Citadel Festival 2017 is completely unique. Not only because headliners Foals perform an exclusive UK date - with a shaken-up setlist to boot - but also because their homecoming neatly rounds off a decade since the start of their exponential rise.
Their unorthodox beginnings, renown for wild house party sets, feel light-years away from mammoth headline shows at Reading & Leeds, Wembley Stadium and now Citadel. But whilst the emphasis is marked firmly upon the Oxford quartet, the arsenal of supporting acts adds great value to one of London’s finest summer Sunday events.
Sibling-duo Ardyn are one of the first bands to make a lasting impression on the Clash stage; their folk-rooted pop is well suited to festival’s serene early stages. Singer-songwriter Jake Isaac follows on the same stage, and ups the anti with crisp guitar riffs.
Nearby yoga sessions and science/environment speeches are simultaneously in full swing - proving Citadel caters as much for the boutique festival market as it does the less sober ravers.
Then after a short trip over to the main stage, RY X deliver a gorgeous set with help from his minimal arrangements and eerily subtle voice. The Aussi singer-songwriter brims with originality, as tracks ‘Berlin’ and ‘Howling’ star in a slot that seems to last half as long as it could have.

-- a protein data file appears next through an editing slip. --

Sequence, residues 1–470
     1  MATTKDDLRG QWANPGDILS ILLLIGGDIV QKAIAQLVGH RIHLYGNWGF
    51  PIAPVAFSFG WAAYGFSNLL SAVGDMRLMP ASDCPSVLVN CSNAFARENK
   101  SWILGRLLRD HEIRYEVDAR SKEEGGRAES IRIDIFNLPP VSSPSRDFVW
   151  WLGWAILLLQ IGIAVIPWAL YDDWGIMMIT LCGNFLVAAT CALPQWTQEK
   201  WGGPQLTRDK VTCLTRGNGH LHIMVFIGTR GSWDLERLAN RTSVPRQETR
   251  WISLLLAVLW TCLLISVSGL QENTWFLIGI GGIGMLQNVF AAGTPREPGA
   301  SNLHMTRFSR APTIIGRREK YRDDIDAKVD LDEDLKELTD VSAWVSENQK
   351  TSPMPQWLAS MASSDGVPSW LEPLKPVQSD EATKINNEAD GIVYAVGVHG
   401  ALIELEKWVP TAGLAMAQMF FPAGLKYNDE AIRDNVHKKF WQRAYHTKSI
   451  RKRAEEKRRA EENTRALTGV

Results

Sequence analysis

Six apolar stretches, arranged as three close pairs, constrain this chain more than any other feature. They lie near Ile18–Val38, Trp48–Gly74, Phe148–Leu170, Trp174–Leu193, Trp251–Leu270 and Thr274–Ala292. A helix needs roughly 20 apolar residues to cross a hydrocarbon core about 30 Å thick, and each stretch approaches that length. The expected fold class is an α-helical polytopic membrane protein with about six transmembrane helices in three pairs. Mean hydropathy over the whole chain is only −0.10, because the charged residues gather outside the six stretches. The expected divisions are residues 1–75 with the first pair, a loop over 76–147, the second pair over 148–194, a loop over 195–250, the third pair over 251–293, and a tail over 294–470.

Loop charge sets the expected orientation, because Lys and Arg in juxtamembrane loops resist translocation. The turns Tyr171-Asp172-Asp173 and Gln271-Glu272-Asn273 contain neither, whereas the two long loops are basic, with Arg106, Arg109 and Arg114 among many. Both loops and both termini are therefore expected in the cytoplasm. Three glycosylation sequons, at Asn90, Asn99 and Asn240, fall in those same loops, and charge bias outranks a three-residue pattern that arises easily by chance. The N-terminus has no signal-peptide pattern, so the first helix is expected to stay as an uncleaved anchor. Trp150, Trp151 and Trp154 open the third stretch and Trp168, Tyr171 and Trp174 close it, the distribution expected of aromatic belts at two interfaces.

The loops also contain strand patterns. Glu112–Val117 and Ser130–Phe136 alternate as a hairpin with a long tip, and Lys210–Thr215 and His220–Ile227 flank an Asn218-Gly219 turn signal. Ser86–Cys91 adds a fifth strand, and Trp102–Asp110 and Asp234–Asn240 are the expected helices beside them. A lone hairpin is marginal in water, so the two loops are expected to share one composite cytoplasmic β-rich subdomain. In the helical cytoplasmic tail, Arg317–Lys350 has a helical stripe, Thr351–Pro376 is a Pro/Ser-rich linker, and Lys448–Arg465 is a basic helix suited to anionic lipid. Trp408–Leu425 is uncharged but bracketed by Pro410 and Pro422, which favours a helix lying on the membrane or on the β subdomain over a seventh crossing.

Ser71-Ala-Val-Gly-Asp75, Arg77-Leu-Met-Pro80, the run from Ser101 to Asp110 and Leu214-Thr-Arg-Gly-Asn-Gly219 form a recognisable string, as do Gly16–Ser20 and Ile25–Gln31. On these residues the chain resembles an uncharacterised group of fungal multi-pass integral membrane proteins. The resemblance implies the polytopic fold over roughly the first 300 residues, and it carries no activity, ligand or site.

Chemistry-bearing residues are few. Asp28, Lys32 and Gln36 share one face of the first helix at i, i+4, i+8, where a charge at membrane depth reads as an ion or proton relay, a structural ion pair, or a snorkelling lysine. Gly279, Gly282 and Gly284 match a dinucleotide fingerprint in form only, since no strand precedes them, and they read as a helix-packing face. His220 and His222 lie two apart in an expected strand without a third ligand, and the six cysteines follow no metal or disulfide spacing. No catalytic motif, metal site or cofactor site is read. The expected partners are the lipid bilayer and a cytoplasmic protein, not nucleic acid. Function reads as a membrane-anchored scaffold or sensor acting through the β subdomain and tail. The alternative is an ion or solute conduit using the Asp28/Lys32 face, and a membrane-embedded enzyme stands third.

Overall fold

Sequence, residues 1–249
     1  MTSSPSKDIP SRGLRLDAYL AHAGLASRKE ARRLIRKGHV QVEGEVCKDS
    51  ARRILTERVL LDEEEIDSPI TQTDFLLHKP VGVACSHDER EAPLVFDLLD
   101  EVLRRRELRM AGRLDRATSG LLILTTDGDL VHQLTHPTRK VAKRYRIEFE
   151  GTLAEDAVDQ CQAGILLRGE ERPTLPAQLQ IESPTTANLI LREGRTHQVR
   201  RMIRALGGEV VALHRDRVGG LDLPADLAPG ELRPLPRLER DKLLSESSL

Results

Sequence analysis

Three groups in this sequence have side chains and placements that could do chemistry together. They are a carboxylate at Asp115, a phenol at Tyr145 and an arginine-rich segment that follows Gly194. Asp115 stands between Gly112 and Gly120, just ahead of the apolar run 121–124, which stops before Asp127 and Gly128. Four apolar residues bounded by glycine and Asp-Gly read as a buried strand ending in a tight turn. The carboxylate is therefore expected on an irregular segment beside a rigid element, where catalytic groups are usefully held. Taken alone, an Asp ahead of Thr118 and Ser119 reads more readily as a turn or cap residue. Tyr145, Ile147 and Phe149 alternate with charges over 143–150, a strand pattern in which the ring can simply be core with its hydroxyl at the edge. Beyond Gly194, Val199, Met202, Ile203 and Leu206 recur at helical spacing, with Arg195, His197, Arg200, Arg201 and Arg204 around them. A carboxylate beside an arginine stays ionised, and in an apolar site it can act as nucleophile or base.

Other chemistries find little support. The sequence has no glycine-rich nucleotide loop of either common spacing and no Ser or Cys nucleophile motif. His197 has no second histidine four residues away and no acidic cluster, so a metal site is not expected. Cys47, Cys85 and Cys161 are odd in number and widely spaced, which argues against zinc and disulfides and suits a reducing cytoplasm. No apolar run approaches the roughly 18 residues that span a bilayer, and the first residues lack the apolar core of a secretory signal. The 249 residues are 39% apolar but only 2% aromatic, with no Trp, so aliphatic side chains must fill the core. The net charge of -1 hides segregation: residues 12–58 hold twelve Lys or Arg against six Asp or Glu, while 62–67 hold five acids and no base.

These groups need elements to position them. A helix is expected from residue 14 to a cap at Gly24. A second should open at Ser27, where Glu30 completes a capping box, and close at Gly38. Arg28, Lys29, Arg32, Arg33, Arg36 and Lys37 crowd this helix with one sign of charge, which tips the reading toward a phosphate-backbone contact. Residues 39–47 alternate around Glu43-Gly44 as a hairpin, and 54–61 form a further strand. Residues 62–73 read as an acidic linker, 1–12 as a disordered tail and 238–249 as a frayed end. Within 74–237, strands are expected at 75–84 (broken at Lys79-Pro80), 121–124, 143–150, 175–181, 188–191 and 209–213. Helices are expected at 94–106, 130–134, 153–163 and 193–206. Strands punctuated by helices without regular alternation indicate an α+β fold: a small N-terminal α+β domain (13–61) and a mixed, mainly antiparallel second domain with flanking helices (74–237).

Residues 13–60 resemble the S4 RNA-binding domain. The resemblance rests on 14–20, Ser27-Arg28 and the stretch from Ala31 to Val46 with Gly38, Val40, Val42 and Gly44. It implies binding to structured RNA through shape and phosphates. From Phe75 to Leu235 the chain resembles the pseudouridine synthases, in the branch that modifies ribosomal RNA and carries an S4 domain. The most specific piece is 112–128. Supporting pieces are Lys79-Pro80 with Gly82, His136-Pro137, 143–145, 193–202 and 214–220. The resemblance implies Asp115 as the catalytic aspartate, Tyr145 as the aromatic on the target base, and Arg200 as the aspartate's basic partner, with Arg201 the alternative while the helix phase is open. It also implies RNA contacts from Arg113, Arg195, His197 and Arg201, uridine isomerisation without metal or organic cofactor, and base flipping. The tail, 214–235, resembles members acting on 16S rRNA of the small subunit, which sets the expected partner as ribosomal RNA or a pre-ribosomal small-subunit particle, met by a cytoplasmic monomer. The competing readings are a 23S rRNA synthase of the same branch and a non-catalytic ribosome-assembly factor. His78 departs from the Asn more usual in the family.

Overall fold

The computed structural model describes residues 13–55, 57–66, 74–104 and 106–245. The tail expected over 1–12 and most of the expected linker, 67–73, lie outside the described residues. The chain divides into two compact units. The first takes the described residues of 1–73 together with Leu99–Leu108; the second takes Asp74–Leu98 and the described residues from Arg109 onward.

Next up art-rockers Wild Beasts complete a juxtaposing performance. Sizzling songs from latest album Big Cat are quite singular, whereas the older material contains a more harmonic quality. Soon after, Everything Everything drummer Mike Spearman takes to the decks in the tiny wood-enclosed Jagerhaus stage. Spinning records opposite a full-crowd-game of basketball (queuing cheers and celebratory dancing), the set is bustling with R&B bangers and is good fun, albeit perhaps too safe from a band that usually have bags of audacity.
A return to the main stage is rewarded with two jaw-dropping sets. Sub-headliners Bonobo, with an on-stage setup that could’ve been mistaken for Caribou’s, begin an eclectic electronic journey throughout their lustrous back-catalogue. HD visuals, similar to those featured on recent full-length Migration, ebb and flow in tandem with their melting pot of synthwork.
Finally the headliners are met by an audience full of love for the masters of sprawling indie-rock. Bookended by big-hitter singles, the set revitalises blasts from the past like the stomping ‘Heavy Water’ and previously neglected gem ‘Black Gold’.
The best bands have multiple sides and facets, and Foals are seamless shape-shifters. From the brooding and measured bangers (‘A Knife In the Ocean’, ‘Spanish Sahara’), to the straight-up eruptions of fire (‘Snake Oil’, ‘What Went Down’), the show provokes both beauty and anarchy. ‘Thank you to everyone who partied with us last night at Citadel. That gig is going in my all time Top 5’, announced drummer Jack Bevan on his Twitter. You wouldn’t bet against the audience agreeing.